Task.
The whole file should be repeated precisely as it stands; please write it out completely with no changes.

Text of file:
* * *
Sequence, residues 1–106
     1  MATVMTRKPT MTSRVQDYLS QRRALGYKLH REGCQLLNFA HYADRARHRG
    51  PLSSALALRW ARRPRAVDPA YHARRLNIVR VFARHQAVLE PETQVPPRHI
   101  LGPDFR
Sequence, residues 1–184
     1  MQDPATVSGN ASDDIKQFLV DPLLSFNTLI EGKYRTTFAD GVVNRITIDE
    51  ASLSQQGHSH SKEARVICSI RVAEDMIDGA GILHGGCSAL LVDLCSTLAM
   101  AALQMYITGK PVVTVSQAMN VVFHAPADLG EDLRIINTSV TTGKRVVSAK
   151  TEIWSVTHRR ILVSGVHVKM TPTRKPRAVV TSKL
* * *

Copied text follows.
Sequence, residues 1–106
     1  MATVMTRKPT MTSRVQDYLS QRRALGYKLH REGCQLLNFA HYADRARHRG
    51  PLSSALALRW ARRPRAVDPA YHARRLNIVR VFARHQAVLE PETQVPPRHI
   101  LGPDFR
Sequence, residues 1–184
     1  MQDPATVSGN ASDDIKQFLV DPLLSFNTLI EGKYRTTFAD GVVNRITIDE
    51  ASLSQQGHSH SKEARVICSI RVAEDMIDGA GILHGGCSAL LVDLCSTLAM
   101  AALQMYITGK PVVTVSQAMN VVFHAPADLG EDLRIINTSV TTGKRVVSAK
   151  TEIWSVTHRR ILVSGVHVKM TPTRKPRAVV TSKL